Chief Information Officer (CIO) Job Description: Skills, Responsibilities, Salary, and Trends

A chief information officer’s (CIO) job description is multi-faceted, as CIOs have become a staple in C-level management to oversee a company’s technology operations.

What is a chief information officer (CIO)?

A chief information officer (CIO) is the most senior IT executive in a company who serves as top IT strategist. A CIO has a solid understanding of a company’s entire IT infrastructure and communicates tech needs, goals, and decisions to non-tech related stakeholders. 

A chief information officer is different from a chief technology officer (CTO) to the extent that the former works with internal IT strategy, while the latter develops customer-facing IT strategy. A chief information officer is also different from a chief information security officer to the extent that a CIO is responsible for a broader scope of tech-related concerns in the company. A CISO, on the other hand, focuses on securing a company’s technology infrastructure from threats and breaches.

Read more: CIO vs CISO: What are the 5 Big Differences?

What does a CIO do?  

A CIO directs a company’s IT strategy to ensure that it aligns with company goals. This means that they handle high-level issues, such as data privacy and strategic tech initiatives. As such, a chief information officer continuously assesses tech-related policies and procedures and implements new ones.  

More specifically, a chief information officer ensures that a company’s employees have the most effective, efficient, and up-to-date tech to support everyday operations. A CIO also works with third-party vendors to secure the right tech to meet company needs.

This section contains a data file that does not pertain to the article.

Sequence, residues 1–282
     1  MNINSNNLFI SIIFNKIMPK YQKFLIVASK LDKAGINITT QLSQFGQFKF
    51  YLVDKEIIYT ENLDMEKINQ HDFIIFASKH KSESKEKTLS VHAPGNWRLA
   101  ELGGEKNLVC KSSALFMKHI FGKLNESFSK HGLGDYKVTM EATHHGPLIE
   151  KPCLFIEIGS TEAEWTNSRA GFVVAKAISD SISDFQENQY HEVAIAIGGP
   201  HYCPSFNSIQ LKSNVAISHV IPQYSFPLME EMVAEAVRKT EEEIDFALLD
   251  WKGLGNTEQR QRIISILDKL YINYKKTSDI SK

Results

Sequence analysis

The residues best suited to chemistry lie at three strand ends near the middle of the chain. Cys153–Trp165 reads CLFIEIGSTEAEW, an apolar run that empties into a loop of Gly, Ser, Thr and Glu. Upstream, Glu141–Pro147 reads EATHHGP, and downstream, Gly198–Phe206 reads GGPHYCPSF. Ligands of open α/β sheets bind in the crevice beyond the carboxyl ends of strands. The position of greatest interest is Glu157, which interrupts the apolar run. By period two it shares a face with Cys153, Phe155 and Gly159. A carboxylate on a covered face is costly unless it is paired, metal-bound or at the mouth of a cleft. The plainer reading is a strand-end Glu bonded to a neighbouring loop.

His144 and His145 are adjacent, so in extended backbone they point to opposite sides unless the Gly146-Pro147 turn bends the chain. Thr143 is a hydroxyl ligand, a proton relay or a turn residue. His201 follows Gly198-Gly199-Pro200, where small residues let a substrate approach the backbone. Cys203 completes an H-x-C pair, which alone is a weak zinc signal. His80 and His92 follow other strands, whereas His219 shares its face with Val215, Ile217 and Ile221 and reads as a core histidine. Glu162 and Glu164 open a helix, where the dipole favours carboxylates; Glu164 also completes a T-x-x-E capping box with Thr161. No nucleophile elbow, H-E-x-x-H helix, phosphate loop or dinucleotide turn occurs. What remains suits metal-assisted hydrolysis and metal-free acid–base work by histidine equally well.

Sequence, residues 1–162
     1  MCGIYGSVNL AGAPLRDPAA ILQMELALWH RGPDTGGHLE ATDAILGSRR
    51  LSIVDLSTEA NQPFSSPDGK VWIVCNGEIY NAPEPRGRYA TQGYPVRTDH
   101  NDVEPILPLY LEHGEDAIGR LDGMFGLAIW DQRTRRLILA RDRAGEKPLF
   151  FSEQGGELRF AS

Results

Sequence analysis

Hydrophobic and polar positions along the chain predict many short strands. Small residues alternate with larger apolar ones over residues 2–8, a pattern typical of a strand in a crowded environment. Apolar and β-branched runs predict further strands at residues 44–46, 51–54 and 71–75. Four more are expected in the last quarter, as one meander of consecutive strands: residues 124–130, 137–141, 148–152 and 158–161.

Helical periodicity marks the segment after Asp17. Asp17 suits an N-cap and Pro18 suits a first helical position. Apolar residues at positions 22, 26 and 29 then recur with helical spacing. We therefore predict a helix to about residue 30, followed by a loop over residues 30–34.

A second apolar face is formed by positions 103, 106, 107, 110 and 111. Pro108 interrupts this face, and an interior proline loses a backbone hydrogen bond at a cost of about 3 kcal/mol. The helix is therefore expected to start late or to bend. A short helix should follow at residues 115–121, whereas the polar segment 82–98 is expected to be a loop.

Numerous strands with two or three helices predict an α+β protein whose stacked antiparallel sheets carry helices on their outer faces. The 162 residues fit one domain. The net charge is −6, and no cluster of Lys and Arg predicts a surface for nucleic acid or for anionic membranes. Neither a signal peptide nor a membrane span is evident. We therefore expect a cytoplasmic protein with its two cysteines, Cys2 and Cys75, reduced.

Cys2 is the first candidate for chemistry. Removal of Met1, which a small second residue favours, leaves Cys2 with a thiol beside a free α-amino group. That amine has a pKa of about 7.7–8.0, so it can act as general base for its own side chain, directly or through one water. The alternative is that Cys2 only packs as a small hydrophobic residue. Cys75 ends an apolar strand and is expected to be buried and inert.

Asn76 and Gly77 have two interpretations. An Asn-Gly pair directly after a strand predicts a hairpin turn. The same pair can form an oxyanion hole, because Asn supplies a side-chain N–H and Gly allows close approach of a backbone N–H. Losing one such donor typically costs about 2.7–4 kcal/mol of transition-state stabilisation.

Other responsibilities include:

  • Influencing overall business strategy
  • Developing security protocols to protect company data from internal and external threats (if there’s no CISO to do this)
  • Managing budgets related to IT initiatives
  • Designing connectivity infrastructure that supports remote access
  • Hiring additional staff members when necessary

Also read: Choosing Between CIO vs IT Manager

What is the average CIO salary?

The average annual salary for CIOs in the United States ranges anywhere from $109,591 to $224,581 with the top paying cities being Lakes, AK; San Francisco, CA; and Santa Clara, CA.

What skills are necessary to become a CIO?

Most of the skills that are necessary to become a CIO come with experience. Since a CIO’s responsibilities include spearheading tech-related initiatives and their implementation, project management and budgeting are valuable skills to acquire. CIOs are also quite tech savvy, so having some experience with enterprise software development, data warehouse architectures, and specific software like SAP is a major plus. 

The executive who oversees the company’s tech operations must be able to streamline business with technology. As such, analytical skills and experience with business intelligence tools are a must to become a CIO in order to evaluate the effectiveness and efficiency across the company’s entire tech stack. In addition, a CIO must be an effective communicator to convey IT-related issues to non-tech stakeholders, such as other leaders in the C-suite.